Bosom of Abraham

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The Bosom of Abraham, Romanesque capital from the former Priory of Alspach, Alsace. (Unterlinden Museum, Colmar)

"Bosom of Abraham" refers to the place of comfort in the biblical Sheol (or Hades in the Greek Septuagint version of the Hebrew scriptures from around 200 BC, and therefore so described in the New Testament)[1] where the righteous dead abided prior to Jesus’ resurrection.  

The phrase and concept are found in both Judaism and Christian religions and religious art.

Origin of the phrase[edit]

The Story of Lazarus and Dives. Lazarus and the rich man are shown during life in the top register, in the middle is Lazarus in the Bosom of Abraham, and at the bottom Dives is suffering in Hades. Illuminated manuscript, Codex Aureus of Echternach, c. 1035–1040. (Germanisches Nationalmuseum, Nürnberg.)

The word found in the Greek text for "bosom" is kolpos, meaning "lap" "bay".[2] This relates to the Second Temple period practice of reclining and eating meals in proximity to other guests, the closest of whom physically was said to lie on the bosom (chest) of the host. (See John 13:23 )[3][4]

While commentators generally agree upon the meaning of the "Bosom of Abraham", they disagree about its origins. Up to the time of Maldonatus (AD 1583), its origin was traced back to the universal custom of parents to take up into their arms, or place upon their knees, their children when they are fatigued, or return home, and to make them rest by their side during the night (cf. 2 Samuel 12:3;[5] 1 Kings 3:20; 17:19; Luke 11:7 sqq.), thus causing them to enjoy rest and security in the bosom of a loving parent. After the same manner was Abraham supposed to act towards his children after the fatigues and troubles of the present life, hence the metaphorical expression "to be in Abraham's Bosom" as meaning to be in repose and happiness with him.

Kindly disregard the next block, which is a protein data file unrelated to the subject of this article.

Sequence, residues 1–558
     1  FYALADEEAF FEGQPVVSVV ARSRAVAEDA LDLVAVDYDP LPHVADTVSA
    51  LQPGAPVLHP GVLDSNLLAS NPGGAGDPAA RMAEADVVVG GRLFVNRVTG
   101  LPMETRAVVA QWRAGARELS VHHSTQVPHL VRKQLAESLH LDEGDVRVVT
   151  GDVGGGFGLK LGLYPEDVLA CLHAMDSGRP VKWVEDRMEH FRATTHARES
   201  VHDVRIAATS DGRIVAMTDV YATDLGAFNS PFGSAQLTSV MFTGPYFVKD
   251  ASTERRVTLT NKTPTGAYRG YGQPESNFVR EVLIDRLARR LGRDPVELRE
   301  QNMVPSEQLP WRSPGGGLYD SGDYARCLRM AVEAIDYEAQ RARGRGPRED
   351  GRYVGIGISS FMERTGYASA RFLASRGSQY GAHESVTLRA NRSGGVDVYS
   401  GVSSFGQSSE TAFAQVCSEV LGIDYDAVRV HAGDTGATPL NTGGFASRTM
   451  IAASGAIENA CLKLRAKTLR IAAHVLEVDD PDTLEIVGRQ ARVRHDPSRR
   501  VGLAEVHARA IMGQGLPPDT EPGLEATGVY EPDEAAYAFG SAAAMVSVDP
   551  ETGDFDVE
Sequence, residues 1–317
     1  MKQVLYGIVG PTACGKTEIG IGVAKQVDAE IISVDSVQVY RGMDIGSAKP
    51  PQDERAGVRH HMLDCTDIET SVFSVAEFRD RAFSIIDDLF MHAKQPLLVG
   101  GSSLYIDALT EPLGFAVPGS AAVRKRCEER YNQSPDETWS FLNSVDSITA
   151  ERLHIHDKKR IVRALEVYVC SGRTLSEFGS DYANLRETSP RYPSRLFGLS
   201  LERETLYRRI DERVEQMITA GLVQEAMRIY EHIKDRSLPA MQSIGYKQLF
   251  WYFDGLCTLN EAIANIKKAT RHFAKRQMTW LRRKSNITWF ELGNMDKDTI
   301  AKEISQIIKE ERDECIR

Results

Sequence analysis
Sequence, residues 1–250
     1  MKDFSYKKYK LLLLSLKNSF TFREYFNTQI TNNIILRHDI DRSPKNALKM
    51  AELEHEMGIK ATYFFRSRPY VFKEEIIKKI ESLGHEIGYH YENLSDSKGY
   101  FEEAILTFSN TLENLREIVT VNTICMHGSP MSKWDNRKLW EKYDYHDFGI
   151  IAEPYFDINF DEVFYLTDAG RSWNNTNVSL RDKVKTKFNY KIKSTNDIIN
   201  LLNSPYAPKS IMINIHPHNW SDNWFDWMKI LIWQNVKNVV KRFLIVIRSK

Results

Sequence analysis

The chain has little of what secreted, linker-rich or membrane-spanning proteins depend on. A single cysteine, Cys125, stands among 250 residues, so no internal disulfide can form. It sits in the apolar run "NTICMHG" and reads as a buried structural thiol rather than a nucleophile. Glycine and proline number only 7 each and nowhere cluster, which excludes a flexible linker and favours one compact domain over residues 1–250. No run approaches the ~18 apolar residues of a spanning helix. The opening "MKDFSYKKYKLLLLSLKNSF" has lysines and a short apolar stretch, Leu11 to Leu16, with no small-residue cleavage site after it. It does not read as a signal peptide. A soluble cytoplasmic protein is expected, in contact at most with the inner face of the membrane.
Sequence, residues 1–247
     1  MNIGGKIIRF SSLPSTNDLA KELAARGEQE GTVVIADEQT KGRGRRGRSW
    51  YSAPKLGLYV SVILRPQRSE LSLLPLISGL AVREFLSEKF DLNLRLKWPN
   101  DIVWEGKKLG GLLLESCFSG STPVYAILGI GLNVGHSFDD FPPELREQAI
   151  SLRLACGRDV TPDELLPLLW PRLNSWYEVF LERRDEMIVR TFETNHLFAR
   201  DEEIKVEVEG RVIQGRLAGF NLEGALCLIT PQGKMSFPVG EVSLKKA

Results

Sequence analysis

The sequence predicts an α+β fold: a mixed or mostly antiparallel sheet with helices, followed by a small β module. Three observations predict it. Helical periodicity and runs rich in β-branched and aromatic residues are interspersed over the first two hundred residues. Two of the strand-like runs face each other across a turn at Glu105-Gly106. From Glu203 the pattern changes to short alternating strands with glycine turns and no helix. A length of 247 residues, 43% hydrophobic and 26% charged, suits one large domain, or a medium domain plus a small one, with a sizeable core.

According to Maldonatus (1583),[6] whose theory has since been accepted by many scholars, the metaphor "to be in Abraham's Bosom" is derived from the custom of reclining on couches at table, which prevailed among the Jews during and before the time of Jesus. As at a feast each guest leaned on his left elbow so as to leave his right arm at liberty, and as two or more lay on the same couch, the head of one man was near the breast of the man who lay behind, and he was therefore said "to lie in the bosom" of the other.

It was also considered by the Jews of old a mark of special honour and favour for one to be allowed to lie in the bosom of the master of the feast (cf. John 13:23), and it is by this illustration that they pictured the next world. They conceived of the reward of the righteous dead as a sharing in a banquet given by Abraham, "the father of the faithful" (cf. Matthew 8:11 sqq.), and of the highest form of that reward as lying in "Abraham's Bosom".